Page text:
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[1322b] [1] And moreover if there are also cavalry or light infantry or archers or a navy, sometimes a magistracy is appointed to have charge of each of these arms also, and they carry the titles of Admiral, Cavalry-commander and Taxiarch, and also the divisional commissions subordinate to these of Captains of Triremes, Company-commanders and Captains of Tribes, and all the subdivisions of these commands. But the whole of this sort of officers constituted a single class, that of military command. This then is how the matter stands in regard to this office; but inasmuch as some of the magistracies, if not all, handle large sums of public money, there must be another office to receive an account and subject it to audit, which must itself handle no other business; and these officials are called Auditors by some people, Accountants by others, Examiners by others and Advocates by others. And by the side of all these offices is the one that is most supreme over all matters, for often the same magistracy has the execution of business that controls its introduction, or presides over the general assembly in places where the people are supreme; for the magistracy that convenes the sovereign assembly is bound to be the sovereign power in the state. It is styled in some places the Preliminary Council because it considers business in advance, but where there is a democracy1 it is more usually called a Council. This more or less completes the number of the offices of a political nature; but another kind of superintendence is that concerned with divine worship; in this class are priests and superintendents of matters [20] connected with the temples, the preservation of existing buildings and the restoration of those that are ruinous, and the other duties relating to the gods. In practice this superintendence in some places forms a single office, for instance in the small cities, but in others it belongs to a number of officials who are not members of the priesthood, for example Sacrificial Officers and Temple-guardians and Stewards of Sacred Funds. And connected with this is the office devoted to the management of all the public festivals which the law does not assign to the priests but the officials in charge of which derive their honor from the common sacrificial hearth, and these officials are called in some places Archons, in others Kings and in others Presidents. To sum up therefore, the necessary offices of superintendence deal with the following matters : institutions of religion, military institutions, revenue and expenditure, control of the market, citadel, harbors and country, also the arrangements of the law-courts, registration of contracts, collection of fines, custody of prisoners, supervision of accounts and inspections, and the auditing of officials, and lastly the offices connected with the body that deliberates about public affairs. On the other hand, peculiar to the states that have more leisure and prosperity, and also pay attention to public decorum, are the offices of Superintendent of Women, Guardian of the Laws, Superintendent of Children, Controller of Physical Training,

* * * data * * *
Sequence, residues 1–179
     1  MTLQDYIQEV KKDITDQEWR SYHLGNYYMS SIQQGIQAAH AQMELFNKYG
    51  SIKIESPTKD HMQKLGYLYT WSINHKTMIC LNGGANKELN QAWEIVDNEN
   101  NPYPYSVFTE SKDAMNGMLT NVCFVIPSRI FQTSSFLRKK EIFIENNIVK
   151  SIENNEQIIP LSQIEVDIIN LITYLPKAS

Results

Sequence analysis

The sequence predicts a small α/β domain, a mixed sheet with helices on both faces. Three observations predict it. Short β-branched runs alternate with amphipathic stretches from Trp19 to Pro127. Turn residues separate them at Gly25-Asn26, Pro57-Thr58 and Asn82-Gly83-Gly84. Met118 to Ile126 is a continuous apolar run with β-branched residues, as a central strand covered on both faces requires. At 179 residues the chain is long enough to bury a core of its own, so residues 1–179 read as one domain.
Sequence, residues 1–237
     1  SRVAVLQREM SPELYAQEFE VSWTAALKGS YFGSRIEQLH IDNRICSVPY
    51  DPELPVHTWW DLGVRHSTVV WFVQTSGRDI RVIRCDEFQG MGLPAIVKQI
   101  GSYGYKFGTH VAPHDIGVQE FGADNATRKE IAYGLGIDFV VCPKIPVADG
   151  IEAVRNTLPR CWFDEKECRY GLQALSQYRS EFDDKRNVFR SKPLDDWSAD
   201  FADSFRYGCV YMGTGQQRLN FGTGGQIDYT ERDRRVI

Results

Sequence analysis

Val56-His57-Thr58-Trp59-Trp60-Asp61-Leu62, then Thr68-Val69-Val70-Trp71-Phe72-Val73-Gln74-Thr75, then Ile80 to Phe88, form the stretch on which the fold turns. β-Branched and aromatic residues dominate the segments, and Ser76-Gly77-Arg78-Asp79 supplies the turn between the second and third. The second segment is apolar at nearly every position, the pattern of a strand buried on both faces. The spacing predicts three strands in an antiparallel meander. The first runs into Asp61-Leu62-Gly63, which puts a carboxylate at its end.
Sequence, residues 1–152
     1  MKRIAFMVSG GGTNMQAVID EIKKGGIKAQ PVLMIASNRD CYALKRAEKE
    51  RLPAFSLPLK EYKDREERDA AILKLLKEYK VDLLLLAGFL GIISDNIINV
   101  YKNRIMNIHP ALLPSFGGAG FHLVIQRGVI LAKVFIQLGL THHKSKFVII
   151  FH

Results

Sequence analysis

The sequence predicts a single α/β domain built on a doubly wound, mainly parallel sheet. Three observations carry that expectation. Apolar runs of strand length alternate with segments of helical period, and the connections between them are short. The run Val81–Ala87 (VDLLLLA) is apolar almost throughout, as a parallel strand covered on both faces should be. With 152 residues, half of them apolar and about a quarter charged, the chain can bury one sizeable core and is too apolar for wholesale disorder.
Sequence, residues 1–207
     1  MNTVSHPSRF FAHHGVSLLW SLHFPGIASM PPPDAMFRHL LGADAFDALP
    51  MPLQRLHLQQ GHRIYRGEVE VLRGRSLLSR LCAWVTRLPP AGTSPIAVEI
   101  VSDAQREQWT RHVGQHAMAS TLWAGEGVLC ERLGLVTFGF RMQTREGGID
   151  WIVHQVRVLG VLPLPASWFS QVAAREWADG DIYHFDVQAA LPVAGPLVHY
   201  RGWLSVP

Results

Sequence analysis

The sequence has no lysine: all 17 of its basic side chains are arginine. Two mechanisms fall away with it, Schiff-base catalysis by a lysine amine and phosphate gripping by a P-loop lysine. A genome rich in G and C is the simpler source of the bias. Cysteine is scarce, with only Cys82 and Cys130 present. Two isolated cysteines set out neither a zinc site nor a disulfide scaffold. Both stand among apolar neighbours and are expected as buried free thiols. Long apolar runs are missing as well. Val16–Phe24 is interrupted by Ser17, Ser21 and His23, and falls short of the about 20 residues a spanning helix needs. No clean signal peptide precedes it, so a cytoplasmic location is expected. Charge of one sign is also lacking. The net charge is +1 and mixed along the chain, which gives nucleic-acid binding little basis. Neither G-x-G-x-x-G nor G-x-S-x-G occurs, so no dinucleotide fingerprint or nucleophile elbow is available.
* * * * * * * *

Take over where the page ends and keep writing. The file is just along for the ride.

1 Cf. 1323a 9 below. Apparently πλῆθός ἐστι stands for τὸ πλῆθος κύριόν ἐστι, but editors quote no parallel.

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  • Commentary references to this page (2):
    • Sir Richard C. Jebb, Commentary on Sophocles: Oedipus at Colonus, 616
    • W. Walter Merry, James Riddell, D. B. Monro, Commentary on the Odyssey (1886), 3.444
  • Cross-references to this page (4):
    • Harper's, Probouli
    • A Dictionary of Greek and Roman Antiquities (1890), EUTHY´NE
    • A Dictionary of Greek and Roman Antiquities (1890), EXETASTAE
    • A Dictionary of Greek and Roman Antiquities (1890), SYNE´GORUS
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